photometer for measuring quantities pertaining to reflection
[3]
[845-05-26 of CIE 17.4 ]
3.39
relative density

density from which the density of a reference such as the film base, or the unprinted print substrate, has been

subtracted
NOTE The unit is 1.
3.40
sampling aperture size

dimensions of the surface area of a specimen that contributes to the measurement of the reflectance or

transmittance factor density, governed by the design of the instrument
3.41
screen angle

angle (for oblong-shaped half-tone dots) which the principal axis of the screen makes with the reference

direction (3.34), or the smallest angle (for circular and square dot shapes) which an axis of the screen makes

with the reference direction
NOTE Screen angle is expressed in units of degrees.
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3.42
screen frequency
screen ruling

number of image elements, such as dots or lines, per unit of length in the direction which produces the highest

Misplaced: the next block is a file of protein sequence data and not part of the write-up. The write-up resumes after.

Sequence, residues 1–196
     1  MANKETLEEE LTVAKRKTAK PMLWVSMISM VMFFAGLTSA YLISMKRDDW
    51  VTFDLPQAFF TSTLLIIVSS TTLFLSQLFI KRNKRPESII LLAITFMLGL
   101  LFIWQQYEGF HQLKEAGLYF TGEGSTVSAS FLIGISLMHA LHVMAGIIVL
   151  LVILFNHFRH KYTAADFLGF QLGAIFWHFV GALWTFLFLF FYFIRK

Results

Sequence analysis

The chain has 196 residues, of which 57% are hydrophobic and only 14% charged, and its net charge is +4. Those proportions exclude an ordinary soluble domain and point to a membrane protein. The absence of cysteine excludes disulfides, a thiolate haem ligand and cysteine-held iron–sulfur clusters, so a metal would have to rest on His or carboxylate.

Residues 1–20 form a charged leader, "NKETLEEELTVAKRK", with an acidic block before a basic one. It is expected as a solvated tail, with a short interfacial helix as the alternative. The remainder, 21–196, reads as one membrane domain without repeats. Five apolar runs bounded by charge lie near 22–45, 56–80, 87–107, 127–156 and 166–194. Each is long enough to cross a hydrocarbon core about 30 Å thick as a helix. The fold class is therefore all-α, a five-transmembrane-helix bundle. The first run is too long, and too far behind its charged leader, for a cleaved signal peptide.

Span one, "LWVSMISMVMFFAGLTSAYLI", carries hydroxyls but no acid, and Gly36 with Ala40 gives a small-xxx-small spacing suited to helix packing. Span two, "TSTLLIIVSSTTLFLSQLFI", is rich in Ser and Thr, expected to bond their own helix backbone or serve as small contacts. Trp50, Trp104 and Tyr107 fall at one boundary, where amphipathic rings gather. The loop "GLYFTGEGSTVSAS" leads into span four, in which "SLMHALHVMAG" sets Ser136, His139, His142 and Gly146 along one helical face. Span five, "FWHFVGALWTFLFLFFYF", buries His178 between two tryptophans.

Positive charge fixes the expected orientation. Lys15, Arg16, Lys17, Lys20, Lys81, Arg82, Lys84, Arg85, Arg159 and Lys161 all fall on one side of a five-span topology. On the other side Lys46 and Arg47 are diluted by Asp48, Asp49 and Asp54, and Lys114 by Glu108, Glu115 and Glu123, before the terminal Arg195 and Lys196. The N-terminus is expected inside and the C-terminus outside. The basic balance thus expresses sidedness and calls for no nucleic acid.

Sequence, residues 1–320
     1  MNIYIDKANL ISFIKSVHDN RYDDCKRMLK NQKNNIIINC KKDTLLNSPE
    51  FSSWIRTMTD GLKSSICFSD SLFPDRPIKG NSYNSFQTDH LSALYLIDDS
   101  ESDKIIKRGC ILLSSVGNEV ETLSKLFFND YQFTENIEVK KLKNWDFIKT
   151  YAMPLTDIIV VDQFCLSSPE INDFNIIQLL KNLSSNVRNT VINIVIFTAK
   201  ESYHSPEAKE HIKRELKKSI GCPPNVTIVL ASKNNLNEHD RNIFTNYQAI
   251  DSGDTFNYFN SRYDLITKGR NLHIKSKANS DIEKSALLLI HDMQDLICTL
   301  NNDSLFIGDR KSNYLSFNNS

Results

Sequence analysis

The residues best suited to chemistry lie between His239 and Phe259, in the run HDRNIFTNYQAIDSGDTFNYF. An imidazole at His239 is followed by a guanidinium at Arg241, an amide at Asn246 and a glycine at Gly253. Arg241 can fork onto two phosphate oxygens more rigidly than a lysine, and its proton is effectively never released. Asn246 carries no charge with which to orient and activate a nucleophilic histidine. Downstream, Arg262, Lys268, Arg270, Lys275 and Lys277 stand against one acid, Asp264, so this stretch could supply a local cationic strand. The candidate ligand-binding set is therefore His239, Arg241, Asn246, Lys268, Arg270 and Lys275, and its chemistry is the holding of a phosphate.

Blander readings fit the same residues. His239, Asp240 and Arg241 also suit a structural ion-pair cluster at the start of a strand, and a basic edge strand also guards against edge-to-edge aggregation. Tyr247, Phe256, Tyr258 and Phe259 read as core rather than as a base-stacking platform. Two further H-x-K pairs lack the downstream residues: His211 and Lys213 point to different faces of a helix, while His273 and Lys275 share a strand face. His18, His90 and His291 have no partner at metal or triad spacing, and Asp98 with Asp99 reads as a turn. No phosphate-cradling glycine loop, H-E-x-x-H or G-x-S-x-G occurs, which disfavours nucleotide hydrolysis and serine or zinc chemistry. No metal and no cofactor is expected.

value

NOTE Screen frequency or screen ruling is expressed in units of reciprocal centimetres.

3.43
screen width
reciprocal of screen ruling (3.42)
NOTE Screen width is expressed in units of micrometres.
3.44
surface finishing

process by which a print is either covered by varnish (lacquer) or laminated with a transparent polymeric film

3.45
tone value

〈data file〉 proportional printing value encoded in a data file and interpreted as defined in the file format

specification
NOTE 1 Tone value is expressed in units of percent.

NOTE 2 Most files store these data as 8-bit integer values, i.e. 0 to 255. The tone value of a pixel is typically computed

from the equation
VV−
A=×100
VV−
100 0
where
V is the integer value of the pixel;
V is the integer value corresponding to a tone va
...